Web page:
James W. Kazura mostly deals with Malaria, Immunology, Plasmodium falciparum, Plasmodium vivax and Immunity. His Malaria research is multidisciplinary, incorporating elements of Acquired immune system, Infection control, Cohort and Environmental health. James W. Kazura works mostly in the field of Acquired immune system, limiting it down to topics relating to Virology and, in certain cases, Apical membrane antigen 1.

Immune system, Antigen, Antibody, Innate immune system and Parasitemia are among the areas of Immunology where the researcher is concentrating his efforts. His study in Plasmodium falciparum is interdisciplinary in nature, drawing from both Veterinary medicine, Transporter, Asymptomatic and Epidemiology. His Plasmodium vivax research incorporates themes from Incidence, Cohort study, Genetic diversity, Linkage disequilibrium and Microsatellite.

Between 2016 and 2021, his most popular works were:

  • A Trial of a Triple-Drug Treatment for Lymphatic Filariasis. (58 citations)
  • Cutting Edge: Plasmodium falciparum Induces Trained Innate Immunity (45 citations)
  • Human antibodies activate complement against Plasmodium falciparum sporozoites, and are associated with protection against malaria in children (39 citations)

This overview was generated by a machine learning system which analysed the scientist’s body of work. If you have any feedback, you can contact us here.

Best Publications

Plasmodium falciparum erythrocyte invasion through glycophorin C and selection for Gerbich negativity in human populations.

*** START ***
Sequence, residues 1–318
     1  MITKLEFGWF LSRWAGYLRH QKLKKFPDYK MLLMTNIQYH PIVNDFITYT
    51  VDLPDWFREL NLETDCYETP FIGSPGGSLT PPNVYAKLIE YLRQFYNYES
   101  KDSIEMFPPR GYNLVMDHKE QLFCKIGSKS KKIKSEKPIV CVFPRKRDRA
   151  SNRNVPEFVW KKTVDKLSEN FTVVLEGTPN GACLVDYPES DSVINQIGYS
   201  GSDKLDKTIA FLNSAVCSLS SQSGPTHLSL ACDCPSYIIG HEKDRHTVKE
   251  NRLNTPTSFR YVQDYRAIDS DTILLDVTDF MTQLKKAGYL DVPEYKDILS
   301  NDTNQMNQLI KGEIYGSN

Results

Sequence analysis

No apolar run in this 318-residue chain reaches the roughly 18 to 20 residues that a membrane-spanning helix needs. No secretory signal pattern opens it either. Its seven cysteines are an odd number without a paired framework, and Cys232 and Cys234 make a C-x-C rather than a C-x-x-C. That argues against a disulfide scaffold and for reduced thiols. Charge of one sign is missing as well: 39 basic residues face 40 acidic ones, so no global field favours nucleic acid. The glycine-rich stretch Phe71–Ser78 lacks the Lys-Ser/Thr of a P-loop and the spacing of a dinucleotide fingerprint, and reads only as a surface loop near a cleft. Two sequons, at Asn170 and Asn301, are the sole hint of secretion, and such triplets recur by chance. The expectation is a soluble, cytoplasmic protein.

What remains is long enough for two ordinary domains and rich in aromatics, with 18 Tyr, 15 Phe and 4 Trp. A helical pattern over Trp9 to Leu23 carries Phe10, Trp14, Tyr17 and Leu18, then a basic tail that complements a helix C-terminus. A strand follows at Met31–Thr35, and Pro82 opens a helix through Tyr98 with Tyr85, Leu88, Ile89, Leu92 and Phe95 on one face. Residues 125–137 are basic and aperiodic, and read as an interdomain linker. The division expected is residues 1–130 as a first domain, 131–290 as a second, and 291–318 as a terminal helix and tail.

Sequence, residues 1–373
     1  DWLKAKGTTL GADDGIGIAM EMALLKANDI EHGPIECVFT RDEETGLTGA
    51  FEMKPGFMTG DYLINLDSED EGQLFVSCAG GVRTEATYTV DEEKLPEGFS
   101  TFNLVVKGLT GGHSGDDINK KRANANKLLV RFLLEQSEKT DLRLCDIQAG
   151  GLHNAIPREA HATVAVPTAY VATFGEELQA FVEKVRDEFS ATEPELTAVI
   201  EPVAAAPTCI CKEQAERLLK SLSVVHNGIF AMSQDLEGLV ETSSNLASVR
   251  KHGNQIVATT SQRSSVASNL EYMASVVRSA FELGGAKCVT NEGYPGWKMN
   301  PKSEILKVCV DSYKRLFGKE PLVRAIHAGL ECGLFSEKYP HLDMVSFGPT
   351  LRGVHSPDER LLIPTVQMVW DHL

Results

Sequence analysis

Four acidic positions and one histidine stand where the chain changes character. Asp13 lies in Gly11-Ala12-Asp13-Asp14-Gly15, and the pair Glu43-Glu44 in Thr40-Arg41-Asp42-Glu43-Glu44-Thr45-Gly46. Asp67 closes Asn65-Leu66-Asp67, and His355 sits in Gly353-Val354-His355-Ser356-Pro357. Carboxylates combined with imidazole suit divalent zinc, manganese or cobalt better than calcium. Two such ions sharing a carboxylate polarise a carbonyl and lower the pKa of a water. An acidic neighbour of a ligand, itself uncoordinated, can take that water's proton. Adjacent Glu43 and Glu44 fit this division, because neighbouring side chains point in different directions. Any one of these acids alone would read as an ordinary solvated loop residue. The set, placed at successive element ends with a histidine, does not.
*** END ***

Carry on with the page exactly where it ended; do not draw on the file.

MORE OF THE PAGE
Alexander Gerd. Maier;Manoj T. Duraisingh;John C. Reeder;Sheral S. Patel.
Nature Medicine (2003)

381 Citations

Helminth- and Bacillus Calmette-Guérin-Induced Immunity in Children Sensitized In Utero to Filariasis and Schistosomiasis

Indu Malhotra;Peter Mungai;Alex Wamachi;John Kioko.
Journal of Immunology (1999)

316 Citations

The role of animal models for research on severe malaria.

Alister G. Craig;Georges E. Grau;Chris Janse;James W. Kazura.
PLOS Pathogens (2012)

301 Citations

Emergence of FY*A(null) in a Plasmodium vivax-endemic region of Papua New Guinea.

Peter A. Zimmerman;Ian Woolley;Godfred L. Masinde;Stephanie M. Miller.
Proceedings of the National Academy of Sciences of the United States of America (1999)

249 Citations

Evidence That Invasion-Inhibitory Antibodies Specific for the 19-kDa Fragment of Merozoite Surface Protein-1 (MSP-119) Can Play a Protective Role against Blood-Stage Plasmodium falciparum Infection in Individuals in a Malaria Endemic Area of Africa

Chandy C. John;Rebecca A. O'Donnell;Peter Odada Sumba;Ann M. Moormann.
Journal of Immunology (2004)

228 Citations

Evolution of a unique Plasmodium falciparum chloroquine-resistance phenotype in association with pfcrt polymorphism in Papua New Guinea and South America.

Rajeev K. Mehlotra;Hisashi Fujioka;Paul D. Roepe;Omar Janneh.
Proceedings of the National Academy of Sciences of the United States of America (2001)